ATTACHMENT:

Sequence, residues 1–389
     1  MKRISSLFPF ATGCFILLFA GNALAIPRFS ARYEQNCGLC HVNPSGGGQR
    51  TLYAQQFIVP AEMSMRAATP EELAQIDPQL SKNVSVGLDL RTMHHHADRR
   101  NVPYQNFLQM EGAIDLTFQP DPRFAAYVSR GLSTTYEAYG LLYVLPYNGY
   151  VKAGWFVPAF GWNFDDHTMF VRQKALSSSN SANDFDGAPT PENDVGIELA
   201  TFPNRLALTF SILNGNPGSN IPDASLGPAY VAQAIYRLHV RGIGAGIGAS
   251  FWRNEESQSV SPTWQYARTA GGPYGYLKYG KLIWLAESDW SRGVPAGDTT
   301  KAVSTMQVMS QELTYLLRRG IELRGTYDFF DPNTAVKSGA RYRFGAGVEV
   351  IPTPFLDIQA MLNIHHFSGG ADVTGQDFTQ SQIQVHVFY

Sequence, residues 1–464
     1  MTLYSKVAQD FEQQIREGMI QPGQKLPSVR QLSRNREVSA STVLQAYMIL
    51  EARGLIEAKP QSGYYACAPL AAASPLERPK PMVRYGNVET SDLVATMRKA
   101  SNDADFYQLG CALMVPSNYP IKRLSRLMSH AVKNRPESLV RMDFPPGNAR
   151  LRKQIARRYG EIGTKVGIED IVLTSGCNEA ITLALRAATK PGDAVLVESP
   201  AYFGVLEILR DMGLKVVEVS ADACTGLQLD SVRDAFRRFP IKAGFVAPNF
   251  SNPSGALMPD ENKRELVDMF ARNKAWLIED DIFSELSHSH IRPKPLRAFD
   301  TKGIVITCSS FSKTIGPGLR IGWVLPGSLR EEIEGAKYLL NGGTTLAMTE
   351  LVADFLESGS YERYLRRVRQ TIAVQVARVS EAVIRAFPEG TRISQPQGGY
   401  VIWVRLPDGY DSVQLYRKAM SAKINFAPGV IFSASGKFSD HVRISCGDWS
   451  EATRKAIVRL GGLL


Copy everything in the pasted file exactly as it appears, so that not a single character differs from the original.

Sequence, residues 1–389
     1  MKRISSLFPF ATGCFILLFA GNALAIPRFS ARYEQNCGLC HVNPSGGGQR
    51  TLYAQQFIVP AEMSMRAATP EELAQIDPQL SKNVSVGLDL RTMHHHADRR
   101  NVPYQNFLQM EGAIDLTFQP DPRFAAYVSR GLSTTYEAYG LLYVLPYNGY
   151  VKAGWFVPAF GWNFDDHTMF VRQKALSSSN SANDFDGAPT PENDVGIELA
   201  TFPNRLALTF SILNGNPGSN IPDASLGPAY VAQAIYRLHV RGIGAGIGAS
   251  FWRNEESQSV SPTWQYARTA GGPYGYLKYG KLIWLAESDW SRGVPAGDTT
   301  KAVSTMQVMS QELTYLLRRG IELRGTYDFF DPNTAVKSGA RYRFGAGVEV
   351  IPTPFLDIQA MLNIHHFSGG ADVTGQDFTQ SQIQVHVFY

Sequence, residues 1–464
     1  MTLYSKVAQD FEQQIREGMI QPGQKLPSVR QLSRNREVSA STVLQAYMIL
    51  EARGLIEAKP QSGYYACAPL AAASPLERPK PMVRYGNVET SDLVATMRKA
   101  SNDADFYQLG CALMVPSNYP IKRLSRLMSH AVKNRPESLV RMDFPPGNAR
   151  LRKQIARRYG EIGTKVGIED IVLTSGCNEA ITLALRAATK PGDAVLVESP
   201  AYFGVLEILR DMGLKVVEVS ADACTGLQLD SVRDAFRRFP IKAGFVAPNF
   251  SNPSGALMPD ENKRELVDMF ARNKAWLIED DIFSELSHSH IRPKPLRAFD
   301  TKGIVITCSS FSKTIGPGLR IGWVLPGSLR EEIEGAKYLL NGGTTLAMTE
   351  LVADFLESGS YERYLRRVRQ TIAVQVARVS EAVIRAFPEG TRISQPQGGY
   401  VIWVRLPDGY DSVQLYRKAM SAKINFAPGV IFSASGKFSD HVRISCGDWS
   451  EATRKAIVRL GGLL